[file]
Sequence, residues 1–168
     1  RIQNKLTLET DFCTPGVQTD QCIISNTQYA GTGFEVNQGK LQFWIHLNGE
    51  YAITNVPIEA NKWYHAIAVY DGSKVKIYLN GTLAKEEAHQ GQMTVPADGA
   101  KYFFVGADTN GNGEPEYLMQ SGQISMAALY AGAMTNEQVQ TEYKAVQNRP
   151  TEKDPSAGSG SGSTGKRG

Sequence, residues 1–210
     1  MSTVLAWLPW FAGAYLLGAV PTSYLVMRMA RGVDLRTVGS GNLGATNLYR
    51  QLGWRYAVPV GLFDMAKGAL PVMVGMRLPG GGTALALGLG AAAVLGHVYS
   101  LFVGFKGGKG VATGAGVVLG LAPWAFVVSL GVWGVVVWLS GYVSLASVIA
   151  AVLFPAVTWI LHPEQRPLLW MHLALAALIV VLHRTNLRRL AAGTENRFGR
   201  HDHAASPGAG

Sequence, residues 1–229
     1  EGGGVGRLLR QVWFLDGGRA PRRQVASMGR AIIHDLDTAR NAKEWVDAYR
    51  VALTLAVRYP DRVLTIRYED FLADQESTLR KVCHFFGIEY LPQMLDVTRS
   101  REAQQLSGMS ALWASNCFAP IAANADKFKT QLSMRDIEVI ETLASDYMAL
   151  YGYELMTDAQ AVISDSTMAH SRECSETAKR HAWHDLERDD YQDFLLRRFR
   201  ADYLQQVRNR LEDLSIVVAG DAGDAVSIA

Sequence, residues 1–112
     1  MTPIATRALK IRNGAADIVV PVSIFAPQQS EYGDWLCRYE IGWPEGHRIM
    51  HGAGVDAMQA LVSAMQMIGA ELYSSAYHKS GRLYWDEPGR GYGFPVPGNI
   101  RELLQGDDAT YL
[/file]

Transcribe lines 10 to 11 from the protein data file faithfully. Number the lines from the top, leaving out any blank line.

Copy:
   151  AVLFPAVTWI LHPEQRPLLW MHLALAALIV VLHRTNLRRL AAGTENRFGR
   201  HDHAASPGAG